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readme.md

Elisp Namespaces

An implementation of namespaces for Emacs Lisp. Helps you keep the global namespace clean and protect your symbols from clobbering.

Pull requests welcome.

Requires Emacs 24.3 or later.

Quick Tour

;; Open a namespace:
(namespace agent
  ;; Require and autoload some elisp features:
  :use
  [ cl
    gnus
    (agent-mode   turn-on-agent-mode)
    (spy-training plant-explosives daring-escape) ])

;; Create a private variable:
(def real-name "Bond, James Bond")

;; Get the variable's value:
(@ real-name)
; => "Bond, James Bond"

;; Create a variable you can change:
(defmutable cover)

;; Update a mutable variable:
(@set cover "David Somerset")

;; Define a private function:
(defn identify ()
  (concat "Hello, I'm " (@ cover) "."))

;; Call a private function:
(_ identify)
; => "Hello, I'm David Somerset"

;; Quote a private symbol:
(add-hook 'border-crossed-hook (~ identify))

;; Make some values public:
(namespace agent
  :export [cover identify])

;; --------------------------------------------------

;; Open another namespace:
(namespace guards)

;; You can call an exported function directly...
(agent/identify)

;; ...or import that namespace and call it with `_`:
(namespace guards :import [agent])

(_ identify)
; => "Hello, I'm David Somerset"

;; Public vars are available only through accessor functions.
(@ agent/cover)
; => ERROR
(agent/cover)
; => "David Somerset"

;; Private symbols are kept private:
(@ agent/real-name)
; => ERROR
(agent/real-name)
; => ERROR

Installation

The best way is to download and install the namespaces package from melpa.

  1. Make sure you've configured package management in your init.el:
```lisp
(require 'package)

;; Initialize packages.
(add-to-list 'package-archives '("melpa" . "http://melpa.milkbox.net/packages/"))
(package-initialize)
(unless package-archive-contents
  (package-refresh-contents))
```
  1. Install the namespaces package:
```lisp
;; Initialize namespaces.
(unless (package-installed-p 'namespaces)
  (package-install 'namespaces))
(require 'namespaces)
```

Otherwise, clone this repo and add it to your load path, then:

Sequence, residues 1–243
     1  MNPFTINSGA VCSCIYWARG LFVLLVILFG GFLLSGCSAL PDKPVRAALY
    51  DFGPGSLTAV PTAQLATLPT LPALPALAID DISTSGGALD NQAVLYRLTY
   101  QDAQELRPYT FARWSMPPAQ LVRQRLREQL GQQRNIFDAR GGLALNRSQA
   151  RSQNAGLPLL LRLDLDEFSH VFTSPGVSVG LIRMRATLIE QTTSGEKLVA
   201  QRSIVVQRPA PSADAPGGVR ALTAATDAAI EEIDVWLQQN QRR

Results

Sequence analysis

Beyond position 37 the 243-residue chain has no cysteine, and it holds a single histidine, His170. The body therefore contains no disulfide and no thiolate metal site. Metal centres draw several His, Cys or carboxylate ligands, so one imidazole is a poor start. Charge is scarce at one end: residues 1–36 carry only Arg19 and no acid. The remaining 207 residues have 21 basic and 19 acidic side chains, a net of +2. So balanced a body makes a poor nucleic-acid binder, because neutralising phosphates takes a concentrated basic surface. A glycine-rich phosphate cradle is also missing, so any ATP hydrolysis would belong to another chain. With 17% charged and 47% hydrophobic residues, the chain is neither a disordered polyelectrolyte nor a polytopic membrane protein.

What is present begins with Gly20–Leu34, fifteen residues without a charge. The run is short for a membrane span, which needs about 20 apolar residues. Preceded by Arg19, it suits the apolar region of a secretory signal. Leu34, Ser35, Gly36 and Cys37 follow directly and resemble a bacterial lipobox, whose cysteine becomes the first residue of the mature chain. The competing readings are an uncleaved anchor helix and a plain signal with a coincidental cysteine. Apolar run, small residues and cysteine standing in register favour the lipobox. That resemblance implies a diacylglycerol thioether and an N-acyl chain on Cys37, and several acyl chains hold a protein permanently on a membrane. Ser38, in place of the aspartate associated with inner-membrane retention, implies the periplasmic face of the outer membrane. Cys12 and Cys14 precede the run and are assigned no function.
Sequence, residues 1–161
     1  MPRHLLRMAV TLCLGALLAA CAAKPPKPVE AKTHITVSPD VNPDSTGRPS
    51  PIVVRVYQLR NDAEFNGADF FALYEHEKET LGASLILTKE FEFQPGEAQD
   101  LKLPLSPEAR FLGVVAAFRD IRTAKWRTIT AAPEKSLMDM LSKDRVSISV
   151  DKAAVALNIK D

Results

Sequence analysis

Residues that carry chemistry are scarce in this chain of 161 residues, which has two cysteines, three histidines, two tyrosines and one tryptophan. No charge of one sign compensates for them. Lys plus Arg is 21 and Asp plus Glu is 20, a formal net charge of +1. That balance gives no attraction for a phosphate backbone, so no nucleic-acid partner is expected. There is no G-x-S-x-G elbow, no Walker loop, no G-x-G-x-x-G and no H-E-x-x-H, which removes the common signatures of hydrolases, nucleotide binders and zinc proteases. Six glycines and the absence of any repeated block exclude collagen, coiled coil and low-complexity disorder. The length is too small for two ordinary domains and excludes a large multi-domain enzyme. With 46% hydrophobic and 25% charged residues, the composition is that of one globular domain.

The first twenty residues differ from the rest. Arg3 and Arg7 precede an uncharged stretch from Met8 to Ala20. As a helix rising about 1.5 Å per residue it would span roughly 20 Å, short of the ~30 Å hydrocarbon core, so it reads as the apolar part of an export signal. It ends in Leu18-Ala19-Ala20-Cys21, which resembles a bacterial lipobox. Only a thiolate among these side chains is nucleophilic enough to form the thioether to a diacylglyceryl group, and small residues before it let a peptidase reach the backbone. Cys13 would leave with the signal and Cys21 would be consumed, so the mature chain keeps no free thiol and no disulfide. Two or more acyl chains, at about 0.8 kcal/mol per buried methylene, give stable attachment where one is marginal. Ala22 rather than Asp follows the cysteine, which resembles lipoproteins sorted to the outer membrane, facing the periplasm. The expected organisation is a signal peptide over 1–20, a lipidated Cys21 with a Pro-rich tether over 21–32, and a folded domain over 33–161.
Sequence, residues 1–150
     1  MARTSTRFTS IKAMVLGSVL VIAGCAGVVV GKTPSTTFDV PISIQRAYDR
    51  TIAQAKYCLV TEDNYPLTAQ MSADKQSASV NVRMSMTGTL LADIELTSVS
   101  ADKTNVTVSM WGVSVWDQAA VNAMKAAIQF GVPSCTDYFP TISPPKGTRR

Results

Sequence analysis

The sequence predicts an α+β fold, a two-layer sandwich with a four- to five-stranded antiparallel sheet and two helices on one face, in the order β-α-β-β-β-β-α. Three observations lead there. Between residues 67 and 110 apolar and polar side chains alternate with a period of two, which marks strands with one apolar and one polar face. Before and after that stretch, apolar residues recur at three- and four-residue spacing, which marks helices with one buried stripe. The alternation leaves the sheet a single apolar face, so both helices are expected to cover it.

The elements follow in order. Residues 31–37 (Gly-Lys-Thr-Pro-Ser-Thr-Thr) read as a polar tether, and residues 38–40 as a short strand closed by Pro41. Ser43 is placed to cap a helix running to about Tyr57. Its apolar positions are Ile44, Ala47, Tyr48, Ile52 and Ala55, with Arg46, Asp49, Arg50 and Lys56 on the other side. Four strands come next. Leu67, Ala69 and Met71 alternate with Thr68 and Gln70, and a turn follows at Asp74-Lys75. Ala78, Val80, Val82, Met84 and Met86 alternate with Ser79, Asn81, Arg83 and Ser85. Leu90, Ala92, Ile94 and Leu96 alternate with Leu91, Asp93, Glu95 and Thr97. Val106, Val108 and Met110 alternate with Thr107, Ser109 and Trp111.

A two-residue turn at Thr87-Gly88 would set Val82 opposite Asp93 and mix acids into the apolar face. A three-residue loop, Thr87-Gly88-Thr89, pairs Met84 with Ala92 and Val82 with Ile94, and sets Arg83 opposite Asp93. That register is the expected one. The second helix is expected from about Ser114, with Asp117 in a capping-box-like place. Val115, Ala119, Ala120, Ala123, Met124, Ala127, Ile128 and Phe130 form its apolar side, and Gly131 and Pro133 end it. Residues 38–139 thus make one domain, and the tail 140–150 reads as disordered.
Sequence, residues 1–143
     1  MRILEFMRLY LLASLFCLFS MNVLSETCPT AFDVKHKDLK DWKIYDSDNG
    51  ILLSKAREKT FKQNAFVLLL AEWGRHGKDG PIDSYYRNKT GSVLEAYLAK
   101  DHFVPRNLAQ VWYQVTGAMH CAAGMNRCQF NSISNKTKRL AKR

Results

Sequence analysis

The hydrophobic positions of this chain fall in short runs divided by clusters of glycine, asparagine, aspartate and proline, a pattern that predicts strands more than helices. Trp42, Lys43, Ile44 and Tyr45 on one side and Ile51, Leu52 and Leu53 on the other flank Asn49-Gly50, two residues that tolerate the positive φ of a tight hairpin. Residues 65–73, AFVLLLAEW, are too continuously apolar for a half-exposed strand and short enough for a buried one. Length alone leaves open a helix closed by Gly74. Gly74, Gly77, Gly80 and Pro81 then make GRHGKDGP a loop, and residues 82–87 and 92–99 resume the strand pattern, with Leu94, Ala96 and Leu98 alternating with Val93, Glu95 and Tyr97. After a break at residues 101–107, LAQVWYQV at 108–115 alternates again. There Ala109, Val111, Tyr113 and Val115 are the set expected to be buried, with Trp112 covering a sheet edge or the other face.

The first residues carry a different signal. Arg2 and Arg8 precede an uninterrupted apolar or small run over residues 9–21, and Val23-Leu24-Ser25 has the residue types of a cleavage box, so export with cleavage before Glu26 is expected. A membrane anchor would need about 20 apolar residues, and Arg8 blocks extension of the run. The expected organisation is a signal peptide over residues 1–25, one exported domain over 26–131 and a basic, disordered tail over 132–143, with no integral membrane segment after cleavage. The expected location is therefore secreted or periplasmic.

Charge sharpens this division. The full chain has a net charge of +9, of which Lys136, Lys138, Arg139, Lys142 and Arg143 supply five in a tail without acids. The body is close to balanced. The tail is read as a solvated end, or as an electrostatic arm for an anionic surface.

(require 'namespaces)

Optional Configuration

The namespace macro makes it easy to load dependencies using the package management features in Emacs 24+; make sure you set up all that package management stuff before you call those features.

Usage

Defining Namespaces and Members

You can define a namespace or reopen an existing one using the namespace macro:

(namespace enterprise)

You can define namespaced functions using defn, and apply them using _.

(defn greet (name)
  (concat "Hello, " name "!"))

(_ greet "Spock")    ; => "Hello, Spock!"

Namespaced vars are defined using def. You can retrieve their values using the @ macro.

(def captain "Kirk")

(@ captain)               ; => "Kirk"

Vars defined using def are immutable. If you need a var that can change, use defmutable instead. You can change the value of a mutable var using @set.

(defmutable captain "Kirk")

(@set captain "Picard")

Symbols defined with defn, def and defmutable are private unless you explicitly export them. Vars defined with defmutable cannot be changed with @set outside the defining namespace.

Exporting and Importing Namespaced Symbols

To make a namespaced symbol publicly-accessible, add it to the exports list for that namespace:

(namespace enterprise :export [ captain ])

This makes enterprise/captain a public var, and generates an accessor function. Other namespaces can now access that symbol by invoking the accessor, or by adding it to their namespace imports and calling using _:

(namespace federation)
(enterprise/captain)                   ; => "Picard"

(namespace borg :import [ enterprise ])
(_ captain)                        ; => "Picard"

These accessor functions add a nice layer of safety: if your requirements change down the track (eg, you need logging), you can safely reimplement an acccessor by hand without changing the interface and breaking client code.

Emacs Interop